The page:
The MoEFCC has given the environment clearance as per the amendment made to EIA- 2006 and provided a clear path to the OIL to carry out further drilling operations at the expense of the protected biosphere reserve and the people at large. Such clearance itself is illegal and impermissible in law.

The probability and possibility of favouring the OIL at the cost of flora and fauna and citizens of Assam and necessary future destruction cannot be ignored because of such illegal action of the Ministry allowing the OIL to carry out its drilling operations in the ecologically fragile areas. Considering such prevailing circumstances and illegalities committed by the Government authorities, the petitioners have challenged the notification of MoEFCC dated January 16, 2020 by which the Ministry, by amending the EIA notification of 2006, categorized all off-shore and onshore oil and gas exploration as 'B2 Project' where public hearing is not a mandatory requirement. Further, challenge was made against the validity of the environmental clearance/approval dated May 11, 2020 to M/S OIL India Ltd. for extension drilling and testing of Hydrocarbon at seven locations under the National Park area. The PIL was moved by Advocate Debajit Kumar Das which came up for consideration on August 17, 2020 and the High Court directed the OIL and the Forest Department to file their respective affidavits by September 21, 2020 and listed the matter for further consideration on September 30, 2020. After witnessing the large illegalities committed by the Ministry and the irreparable loss and damage caused to the biodiversity of the State now the hopes and aspirations of the people of Assam vests in the Court for adjudicating upon the matter.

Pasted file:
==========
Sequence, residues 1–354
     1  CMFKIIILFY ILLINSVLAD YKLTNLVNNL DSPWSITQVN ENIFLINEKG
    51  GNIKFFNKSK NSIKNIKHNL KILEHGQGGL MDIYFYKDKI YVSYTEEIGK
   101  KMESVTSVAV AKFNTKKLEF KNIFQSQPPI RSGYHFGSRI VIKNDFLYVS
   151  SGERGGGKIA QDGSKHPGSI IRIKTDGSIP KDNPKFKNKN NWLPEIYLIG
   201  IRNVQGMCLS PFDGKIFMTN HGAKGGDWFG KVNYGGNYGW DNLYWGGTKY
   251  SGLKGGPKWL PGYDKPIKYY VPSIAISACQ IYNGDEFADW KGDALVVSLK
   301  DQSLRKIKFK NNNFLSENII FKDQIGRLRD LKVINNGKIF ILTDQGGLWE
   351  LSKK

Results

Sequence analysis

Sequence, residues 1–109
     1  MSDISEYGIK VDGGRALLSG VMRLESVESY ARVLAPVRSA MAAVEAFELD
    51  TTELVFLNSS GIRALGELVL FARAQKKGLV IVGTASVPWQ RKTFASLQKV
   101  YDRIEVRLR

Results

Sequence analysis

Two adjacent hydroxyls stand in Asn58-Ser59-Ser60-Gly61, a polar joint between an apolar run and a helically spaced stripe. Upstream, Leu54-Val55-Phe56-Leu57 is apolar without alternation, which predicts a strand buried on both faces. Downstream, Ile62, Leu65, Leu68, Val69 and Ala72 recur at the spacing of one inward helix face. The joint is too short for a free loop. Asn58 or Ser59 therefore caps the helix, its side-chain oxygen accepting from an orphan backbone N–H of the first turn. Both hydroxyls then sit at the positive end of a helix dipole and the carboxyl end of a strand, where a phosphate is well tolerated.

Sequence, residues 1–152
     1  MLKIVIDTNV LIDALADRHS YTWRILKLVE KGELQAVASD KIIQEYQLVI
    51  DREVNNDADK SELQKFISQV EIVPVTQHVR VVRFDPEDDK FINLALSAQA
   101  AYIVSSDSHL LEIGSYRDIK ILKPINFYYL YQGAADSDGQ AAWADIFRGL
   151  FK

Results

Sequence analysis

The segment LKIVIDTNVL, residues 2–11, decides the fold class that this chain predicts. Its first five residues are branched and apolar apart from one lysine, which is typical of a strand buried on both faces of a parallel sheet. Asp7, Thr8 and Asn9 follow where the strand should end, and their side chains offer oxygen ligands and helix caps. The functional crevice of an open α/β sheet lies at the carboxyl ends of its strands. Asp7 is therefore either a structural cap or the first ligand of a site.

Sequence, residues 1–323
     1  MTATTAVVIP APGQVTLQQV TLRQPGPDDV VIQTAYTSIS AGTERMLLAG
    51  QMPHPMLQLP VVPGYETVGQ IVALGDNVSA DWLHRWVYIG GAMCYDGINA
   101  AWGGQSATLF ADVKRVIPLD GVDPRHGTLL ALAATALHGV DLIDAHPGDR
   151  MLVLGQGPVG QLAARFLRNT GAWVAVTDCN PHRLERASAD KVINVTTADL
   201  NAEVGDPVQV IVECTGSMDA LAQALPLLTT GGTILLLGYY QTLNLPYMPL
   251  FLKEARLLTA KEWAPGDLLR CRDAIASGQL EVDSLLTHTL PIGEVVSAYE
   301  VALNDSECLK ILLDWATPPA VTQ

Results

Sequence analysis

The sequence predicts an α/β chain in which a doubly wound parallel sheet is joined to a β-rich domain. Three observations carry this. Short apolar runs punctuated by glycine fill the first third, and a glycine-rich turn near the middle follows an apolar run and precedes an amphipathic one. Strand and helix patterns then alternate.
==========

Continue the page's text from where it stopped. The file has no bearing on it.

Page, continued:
(The author is Advocate, Gauhati High Court)